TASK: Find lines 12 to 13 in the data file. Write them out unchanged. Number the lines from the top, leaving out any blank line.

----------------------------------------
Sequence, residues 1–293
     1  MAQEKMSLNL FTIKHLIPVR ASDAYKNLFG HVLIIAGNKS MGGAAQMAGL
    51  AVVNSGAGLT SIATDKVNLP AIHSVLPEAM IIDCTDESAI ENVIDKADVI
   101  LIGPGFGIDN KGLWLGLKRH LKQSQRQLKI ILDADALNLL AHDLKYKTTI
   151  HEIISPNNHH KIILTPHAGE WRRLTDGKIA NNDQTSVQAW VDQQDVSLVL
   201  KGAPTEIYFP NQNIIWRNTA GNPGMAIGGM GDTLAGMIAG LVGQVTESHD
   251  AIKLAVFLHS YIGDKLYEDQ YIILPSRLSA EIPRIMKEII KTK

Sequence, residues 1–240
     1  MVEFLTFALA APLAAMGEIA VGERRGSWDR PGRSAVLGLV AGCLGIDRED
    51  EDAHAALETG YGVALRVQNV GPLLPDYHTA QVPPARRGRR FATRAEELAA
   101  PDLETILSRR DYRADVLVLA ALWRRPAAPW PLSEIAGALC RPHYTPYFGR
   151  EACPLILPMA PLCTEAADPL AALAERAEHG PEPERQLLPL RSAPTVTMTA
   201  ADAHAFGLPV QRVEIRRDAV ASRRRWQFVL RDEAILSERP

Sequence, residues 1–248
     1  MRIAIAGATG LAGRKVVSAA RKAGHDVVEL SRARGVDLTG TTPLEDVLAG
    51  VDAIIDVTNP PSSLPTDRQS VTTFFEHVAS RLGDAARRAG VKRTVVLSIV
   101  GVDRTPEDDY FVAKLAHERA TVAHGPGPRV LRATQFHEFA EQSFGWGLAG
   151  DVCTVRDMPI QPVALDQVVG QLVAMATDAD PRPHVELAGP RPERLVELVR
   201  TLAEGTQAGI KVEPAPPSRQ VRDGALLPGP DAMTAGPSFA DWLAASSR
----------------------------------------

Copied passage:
   151  EACPLILPMA PLCTEAADPL AALAERAEHG PEPERQLLPL RSAPTVTMTA
   201  ADAHAFGLPV QRVEIRRDAV ASRRRWQFVL RDEAILSERP